Methylocella silvestris BL2, DSM 15510
Methylocella silvestris BL20  image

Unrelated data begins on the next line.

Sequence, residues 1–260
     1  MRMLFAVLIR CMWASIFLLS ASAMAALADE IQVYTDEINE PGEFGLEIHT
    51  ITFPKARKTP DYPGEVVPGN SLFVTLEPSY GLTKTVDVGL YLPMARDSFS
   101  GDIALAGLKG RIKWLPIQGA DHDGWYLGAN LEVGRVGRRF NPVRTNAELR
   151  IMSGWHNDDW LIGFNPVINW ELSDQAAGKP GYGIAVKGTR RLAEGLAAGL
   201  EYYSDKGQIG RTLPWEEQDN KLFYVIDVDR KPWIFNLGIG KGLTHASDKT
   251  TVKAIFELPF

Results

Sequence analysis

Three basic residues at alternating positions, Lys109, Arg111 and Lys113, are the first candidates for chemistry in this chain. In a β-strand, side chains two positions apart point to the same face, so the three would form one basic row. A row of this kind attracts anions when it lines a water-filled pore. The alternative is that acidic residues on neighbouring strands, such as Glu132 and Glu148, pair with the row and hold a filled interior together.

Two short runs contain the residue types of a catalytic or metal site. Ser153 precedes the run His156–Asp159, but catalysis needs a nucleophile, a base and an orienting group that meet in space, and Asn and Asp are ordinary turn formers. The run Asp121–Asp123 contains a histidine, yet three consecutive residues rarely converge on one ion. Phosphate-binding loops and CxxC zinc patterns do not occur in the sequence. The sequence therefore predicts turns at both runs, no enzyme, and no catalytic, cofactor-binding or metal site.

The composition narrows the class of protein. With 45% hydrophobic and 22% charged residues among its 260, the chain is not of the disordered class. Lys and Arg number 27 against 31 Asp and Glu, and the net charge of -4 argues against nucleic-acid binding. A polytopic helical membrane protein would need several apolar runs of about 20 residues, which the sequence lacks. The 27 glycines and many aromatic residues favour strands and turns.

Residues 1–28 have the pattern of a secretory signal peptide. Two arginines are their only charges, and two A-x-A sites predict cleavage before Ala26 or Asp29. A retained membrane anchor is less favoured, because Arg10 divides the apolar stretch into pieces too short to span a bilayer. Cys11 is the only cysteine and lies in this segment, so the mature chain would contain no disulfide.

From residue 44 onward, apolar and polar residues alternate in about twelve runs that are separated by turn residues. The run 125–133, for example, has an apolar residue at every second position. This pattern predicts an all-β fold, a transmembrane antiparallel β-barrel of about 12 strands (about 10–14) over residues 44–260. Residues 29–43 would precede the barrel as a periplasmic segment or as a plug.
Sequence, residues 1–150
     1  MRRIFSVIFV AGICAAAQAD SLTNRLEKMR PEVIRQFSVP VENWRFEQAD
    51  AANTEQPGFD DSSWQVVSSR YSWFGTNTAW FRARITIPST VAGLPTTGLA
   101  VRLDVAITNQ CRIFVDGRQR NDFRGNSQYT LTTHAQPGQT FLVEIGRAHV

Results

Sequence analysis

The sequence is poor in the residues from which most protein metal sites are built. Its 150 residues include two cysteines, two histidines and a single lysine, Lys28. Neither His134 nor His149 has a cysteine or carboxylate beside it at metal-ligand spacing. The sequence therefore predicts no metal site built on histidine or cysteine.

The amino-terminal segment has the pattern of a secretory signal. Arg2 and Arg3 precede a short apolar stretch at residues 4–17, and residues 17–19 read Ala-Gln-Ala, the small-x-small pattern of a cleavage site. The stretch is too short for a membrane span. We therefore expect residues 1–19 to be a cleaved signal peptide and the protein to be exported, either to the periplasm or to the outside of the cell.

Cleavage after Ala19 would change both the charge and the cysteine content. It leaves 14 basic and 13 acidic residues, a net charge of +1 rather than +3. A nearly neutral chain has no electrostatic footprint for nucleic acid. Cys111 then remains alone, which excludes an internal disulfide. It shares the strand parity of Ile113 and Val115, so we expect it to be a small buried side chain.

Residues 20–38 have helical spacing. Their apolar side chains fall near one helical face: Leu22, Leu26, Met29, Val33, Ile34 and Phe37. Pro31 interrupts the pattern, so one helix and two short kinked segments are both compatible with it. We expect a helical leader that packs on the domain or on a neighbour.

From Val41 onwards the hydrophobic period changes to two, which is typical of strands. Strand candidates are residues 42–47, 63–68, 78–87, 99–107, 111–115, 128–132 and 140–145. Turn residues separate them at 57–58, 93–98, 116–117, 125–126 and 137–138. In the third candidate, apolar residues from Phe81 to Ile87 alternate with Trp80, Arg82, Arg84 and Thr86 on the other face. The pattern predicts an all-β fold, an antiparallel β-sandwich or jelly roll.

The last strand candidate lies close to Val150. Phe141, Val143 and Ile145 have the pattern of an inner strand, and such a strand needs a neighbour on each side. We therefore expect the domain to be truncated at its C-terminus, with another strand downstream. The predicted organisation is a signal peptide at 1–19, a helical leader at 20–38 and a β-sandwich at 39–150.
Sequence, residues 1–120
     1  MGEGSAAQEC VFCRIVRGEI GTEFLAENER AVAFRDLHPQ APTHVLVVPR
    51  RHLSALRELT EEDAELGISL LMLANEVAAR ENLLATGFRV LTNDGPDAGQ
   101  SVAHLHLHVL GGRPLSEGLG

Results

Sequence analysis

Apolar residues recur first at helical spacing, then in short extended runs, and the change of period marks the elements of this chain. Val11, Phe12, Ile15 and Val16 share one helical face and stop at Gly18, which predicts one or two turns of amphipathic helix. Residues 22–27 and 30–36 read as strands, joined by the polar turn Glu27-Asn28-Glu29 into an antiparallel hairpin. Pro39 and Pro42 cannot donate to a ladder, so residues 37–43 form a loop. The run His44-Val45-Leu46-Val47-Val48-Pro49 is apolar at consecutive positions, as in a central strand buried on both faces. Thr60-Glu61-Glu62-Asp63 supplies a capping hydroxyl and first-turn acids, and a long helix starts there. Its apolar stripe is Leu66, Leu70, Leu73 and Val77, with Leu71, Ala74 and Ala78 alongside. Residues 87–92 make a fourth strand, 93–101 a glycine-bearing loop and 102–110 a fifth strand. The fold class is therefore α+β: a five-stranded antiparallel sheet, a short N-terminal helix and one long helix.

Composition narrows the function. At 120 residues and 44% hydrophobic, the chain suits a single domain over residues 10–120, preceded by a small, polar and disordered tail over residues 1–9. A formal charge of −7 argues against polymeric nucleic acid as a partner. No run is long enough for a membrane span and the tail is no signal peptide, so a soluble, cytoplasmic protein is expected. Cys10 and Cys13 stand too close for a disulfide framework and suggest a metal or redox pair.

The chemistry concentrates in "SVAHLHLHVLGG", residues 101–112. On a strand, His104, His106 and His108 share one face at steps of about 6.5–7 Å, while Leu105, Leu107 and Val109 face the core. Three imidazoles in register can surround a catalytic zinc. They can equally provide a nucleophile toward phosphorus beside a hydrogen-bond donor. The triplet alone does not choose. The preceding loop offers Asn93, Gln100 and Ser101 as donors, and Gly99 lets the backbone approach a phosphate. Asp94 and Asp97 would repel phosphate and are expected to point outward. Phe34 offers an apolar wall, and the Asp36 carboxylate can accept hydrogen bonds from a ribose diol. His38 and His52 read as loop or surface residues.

Methylocella silvestris is an acidophilic aerobic methanotroph. It is unique in several ways compared to other methanotrophic bacteria. Whereas other methanotrophs are unable to grow on substrates containing carbon-carbon (C-C) bonds, and are therefore termed “obligate methanotrophs”, Methylocella is a catabolically flexible “facultative methanotroph”. Besides methane and methanol, it also grows on some multicarbon substrates such as acetate, ethanol, pyruvate, succinate, malate and propane. Methylocella is also unique in oxidizing methane via a soluble methane monooxygenase (sMMO) enzyme only. It lacks the particulate methane monooxygenase (pMMO) found in other aerobic methanotrophs, along with the extensive intracellular membrane system where pMMO is believed to be localized. The reason for the obligate nature of methanotrophy in all methanotrophs except Methylocella is a long-standing scientific mystery. Sequencing its complete genome will help elucidate the biochemistry and the genetic regulation of its facultative metabolism. Comparative genomics with two closely related bacteria: the obligate methanotroph Methylocapsa acidiphila and the non-methanotrophic chemoorganotroph Beijerinckia indica, should provide insight into the evolution of obligate methanotrophy, and into the metabolic tradeoffs required for a specialist obligately methanotrophic lifestyle compared to a generalist chemoorganotrophic lifestyle.